How Do Adjusters Determine Who Is at Fault in Drunk Driving Accidents?

You hear stories about people driving drunk and getting into accidents or causing problems for other motorists because of their inebriated state. It’s not an uncommon headline to hear about a drunk driver causing a collision or damaging property because of their irresponsible actions, but one thing you don’t hear is how it’s determined who is at-fault in a drunk driving accident.

You might dismiss that as a silly thing to think about, it’s obviously the person driving drunk, right? Well, the answers are actually a lot more complicated, as is most subject matter when discussing the law. A drunk driver in one accident versus another is going to result in different outcomes for various reasons, there are just too many variables. So, how do adjusters determine who is at fault in a drunk driving accident? Here are some things to consider.

First Steps for a Drunk Driving Accident

The first things that need to be addressed are the initial factors of an accident. For these purposes, it’ll be a drunk driver and another motorist to keep things relatively simple. There are generally two types of drunk driving charges, DUI or DWI. DUI means driving under the influence while DWI means driving while intoxicated. 

This shouldn’t confuse you as they often mean the same thing depending on where you are, but sometimes it comes down to the amount of BAC (blood alcohol content) is in the drivers’ system or whether it’s drugs or alcohol. Regardless, a collision occurs when a drunk driver or sober driver ends up colliding with one another, but it’s not as simple to determine who caused it.

How Fault Is Determined 

This is where fault comes into play. As you know, fault means who caused the accident or did something that aggravated the situation that resulted in an accident. If you consult with legal experts, they’ll likely tell you some of the same things, that fault is a matter of legal responsibility, which is true. To make sense of it, here are three basics of that responsibility:

  • Duty of Care – Every time you get behind the wheel, you are signing an unwritten contract to owe care to be responsible on the road. Using your signals to indicate your intentions is a duty of care, and in this case, so is driving sober.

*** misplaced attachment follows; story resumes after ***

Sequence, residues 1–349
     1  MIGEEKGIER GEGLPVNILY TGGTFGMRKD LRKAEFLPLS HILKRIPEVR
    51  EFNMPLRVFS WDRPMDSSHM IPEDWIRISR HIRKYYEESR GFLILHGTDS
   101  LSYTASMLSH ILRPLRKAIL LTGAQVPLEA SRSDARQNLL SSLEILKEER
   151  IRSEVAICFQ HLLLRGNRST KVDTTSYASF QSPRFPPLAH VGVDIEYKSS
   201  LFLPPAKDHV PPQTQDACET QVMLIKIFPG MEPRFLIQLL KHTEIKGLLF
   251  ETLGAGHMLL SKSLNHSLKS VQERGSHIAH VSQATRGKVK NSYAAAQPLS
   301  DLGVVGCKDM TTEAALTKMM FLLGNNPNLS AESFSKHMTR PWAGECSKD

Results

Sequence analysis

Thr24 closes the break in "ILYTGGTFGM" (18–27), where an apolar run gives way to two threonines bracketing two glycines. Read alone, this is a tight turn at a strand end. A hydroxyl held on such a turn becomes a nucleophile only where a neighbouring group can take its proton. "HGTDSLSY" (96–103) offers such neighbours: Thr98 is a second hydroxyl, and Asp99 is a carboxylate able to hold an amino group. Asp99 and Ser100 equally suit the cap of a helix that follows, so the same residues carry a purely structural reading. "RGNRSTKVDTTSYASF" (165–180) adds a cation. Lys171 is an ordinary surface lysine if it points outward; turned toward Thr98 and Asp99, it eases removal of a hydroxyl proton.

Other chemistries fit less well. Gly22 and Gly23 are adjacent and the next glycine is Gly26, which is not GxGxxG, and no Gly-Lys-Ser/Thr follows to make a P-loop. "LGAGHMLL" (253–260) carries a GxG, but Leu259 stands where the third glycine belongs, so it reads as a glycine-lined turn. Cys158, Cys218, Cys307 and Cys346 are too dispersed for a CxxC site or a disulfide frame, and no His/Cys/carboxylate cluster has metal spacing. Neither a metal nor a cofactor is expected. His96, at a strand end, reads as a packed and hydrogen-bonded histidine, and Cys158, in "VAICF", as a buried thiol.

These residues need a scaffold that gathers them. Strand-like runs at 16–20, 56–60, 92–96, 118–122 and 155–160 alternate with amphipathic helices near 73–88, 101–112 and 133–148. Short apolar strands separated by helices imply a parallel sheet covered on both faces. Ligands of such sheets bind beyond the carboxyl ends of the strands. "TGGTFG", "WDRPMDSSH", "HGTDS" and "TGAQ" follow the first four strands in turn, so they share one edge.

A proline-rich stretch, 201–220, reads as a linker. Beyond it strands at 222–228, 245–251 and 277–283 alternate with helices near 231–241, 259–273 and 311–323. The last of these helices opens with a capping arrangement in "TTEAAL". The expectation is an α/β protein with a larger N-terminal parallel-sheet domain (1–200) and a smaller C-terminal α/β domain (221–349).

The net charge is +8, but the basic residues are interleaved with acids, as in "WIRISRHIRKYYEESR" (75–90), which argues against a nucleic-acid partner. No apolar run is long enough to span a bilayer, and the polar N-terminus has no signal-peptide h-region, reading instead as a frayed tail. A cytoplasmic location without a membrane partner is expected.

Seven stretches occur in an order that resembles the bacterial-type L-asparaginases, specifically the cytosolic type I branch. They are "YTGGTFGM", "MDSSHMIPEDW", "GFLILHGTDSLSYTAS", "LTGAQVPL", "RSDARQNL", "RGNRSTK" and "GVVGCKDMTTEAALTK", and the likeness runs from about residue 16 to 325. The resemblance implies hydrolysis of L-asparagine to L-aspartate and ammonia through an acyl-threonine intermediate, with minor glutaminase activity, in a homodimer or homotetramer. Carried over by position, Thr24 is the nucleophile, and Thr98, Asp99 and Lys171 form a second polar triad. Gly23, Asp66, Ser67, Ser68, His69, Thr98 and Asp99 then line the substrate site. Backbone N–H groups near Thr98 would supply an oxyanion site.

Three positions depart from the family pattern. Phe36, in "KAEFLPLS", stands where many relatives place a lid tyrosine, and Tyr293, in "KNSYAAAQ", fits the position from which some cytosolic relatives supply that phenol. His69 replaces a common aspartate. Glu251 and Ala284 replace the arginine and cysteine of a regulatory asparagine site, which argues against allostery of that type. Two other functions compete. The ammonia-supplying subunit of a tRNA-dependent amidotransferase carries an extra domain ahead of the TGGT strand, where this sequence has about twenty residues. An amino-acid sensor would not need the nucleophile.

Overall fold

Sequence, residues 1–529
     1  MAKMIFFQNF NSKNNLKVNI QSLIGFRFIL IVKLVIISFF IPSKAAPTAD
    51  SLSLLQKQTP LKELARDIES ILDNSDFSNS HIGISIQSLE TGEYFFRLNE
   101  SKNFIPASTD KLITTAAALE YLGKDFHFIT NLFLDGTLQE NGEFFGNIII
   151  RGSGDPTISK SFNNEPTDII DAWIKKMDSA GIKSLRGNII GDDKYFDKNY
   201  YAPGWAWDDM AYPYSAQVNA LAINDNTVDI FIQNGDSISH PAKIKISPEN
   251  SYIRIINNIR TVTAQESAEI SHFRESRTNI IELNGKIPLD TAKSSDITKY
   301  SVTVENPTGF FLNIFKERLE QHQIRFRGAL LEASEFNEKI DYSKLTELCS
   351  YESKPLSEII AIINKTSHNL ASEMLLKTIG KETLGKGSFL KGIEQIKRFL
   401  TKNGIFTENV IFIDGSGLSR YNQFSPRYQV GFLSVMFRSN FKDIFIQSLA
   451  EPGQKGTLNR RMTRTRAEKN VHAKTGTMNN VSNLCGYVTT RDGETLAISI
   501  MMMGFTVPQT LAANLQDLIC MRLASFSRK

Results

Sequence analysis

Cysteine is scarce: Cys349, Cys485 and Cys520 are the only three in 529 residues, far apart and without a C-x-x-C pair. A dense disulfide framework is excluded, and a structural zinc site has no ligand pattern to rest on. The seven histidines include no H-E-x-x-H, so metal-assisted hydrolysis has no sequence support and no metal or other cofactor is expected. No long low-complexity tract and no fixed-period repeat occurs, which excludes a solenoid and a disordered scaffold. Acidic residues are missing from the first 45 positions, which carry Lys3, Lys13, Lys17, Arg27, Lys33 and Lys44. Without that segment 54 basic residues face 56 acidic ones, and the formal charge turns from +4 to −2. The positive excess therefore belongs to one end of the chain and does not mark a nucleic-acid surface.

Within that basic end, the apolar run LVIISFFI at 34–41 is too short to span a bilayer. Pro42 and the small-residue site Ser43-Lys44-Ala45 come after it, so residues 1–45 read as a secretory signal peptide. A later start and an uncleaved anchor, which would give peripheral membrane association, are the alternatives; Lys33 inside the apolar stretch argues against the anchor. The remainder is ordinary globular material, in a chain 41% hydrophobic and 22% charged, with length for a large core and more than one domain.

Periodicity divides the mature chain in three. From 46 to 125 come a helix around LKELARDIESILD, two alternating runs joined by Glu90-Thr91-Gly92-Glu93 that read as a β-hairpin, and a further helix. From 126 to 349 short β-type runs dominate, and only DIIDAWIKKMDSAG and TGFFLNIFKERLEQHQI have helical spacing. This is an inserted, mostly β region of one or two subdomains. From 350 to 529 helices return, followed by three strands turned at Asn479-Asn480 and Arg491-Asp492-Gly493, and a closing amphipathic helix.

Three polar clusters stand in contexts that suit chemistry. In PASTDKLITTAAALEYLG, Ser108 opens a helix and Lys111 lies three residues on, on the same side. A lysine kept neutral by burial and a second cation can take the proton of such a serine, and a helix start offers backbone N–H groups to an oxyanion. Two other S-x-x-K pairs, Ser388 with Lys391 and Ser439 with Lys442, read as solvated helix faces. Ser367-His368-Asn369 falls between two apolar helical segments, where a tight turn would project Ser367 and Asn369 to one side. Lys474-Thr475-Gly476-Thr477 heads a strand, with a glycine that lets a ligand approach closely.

• Breach – Breach is when that duty of care has been broken. This simply means that a driver has failed to drive in a reasonable manner in similar circumstances. For a drunk driving case, the person who was involved would need to prove that drinking was a reason for the breach.

 

  • Causation – Lastly, causation is a tangible link between the breach of duty of care and how it resulted in the damages and accident. The attorney for an injured motorist would have to determine that it was drinking that caused the other driver to lose control and cause the accident.

What’s interesting is the fact that a drunk driver may have been following the rules of the road and hit by someone who blew a red light or stops sign, which would then result in them getting charged with a DUI/DWI, but this shows that it wasn’t the intoxication that necessarily led to an accident. It can also be a tightly contested case on who’s at fault, but intoxication could be a damning factor for one of the motorists. It’s important to consider how fault changes from instance to instance.

How Impairment/Drunkenness Is a Factor

It also should go without saying that driving intoxicated lowers inhibition and reduces motor functions, both of which can easily result in an accident. The problem is that driving impaired is not the same from one person to another. A 6’ 200lb man can likely absorb more alcohol into his system than a 5’4 120lb woman could. So the difference between 2-3 beers for the man and the woman varies greatly. Still, these questions are needed in the context of understanding how alcohol (or drugs) played a factor in lowered driving ability that leads to an accident.

What Evidence Is Looked for by Adjusters

The evidence that is collected for a drunk driving accident is very much the same as a regular accident. Eyewitness testimonies, CCTV footage, collision, and impact investigation, but also require BAC testing or other forms of alcohol testing to determine the sobriety or lack thereof for the intoxicated driver. 

Drunk driving accidents are not as cut and dry as people like to think. While driving intoxicated is surely not acceptable in society, it’s not as easy to admit that it was the single contributing factor in an accident. As you can see, there are a lot of factors to consider, none more so than fault and responsibility.

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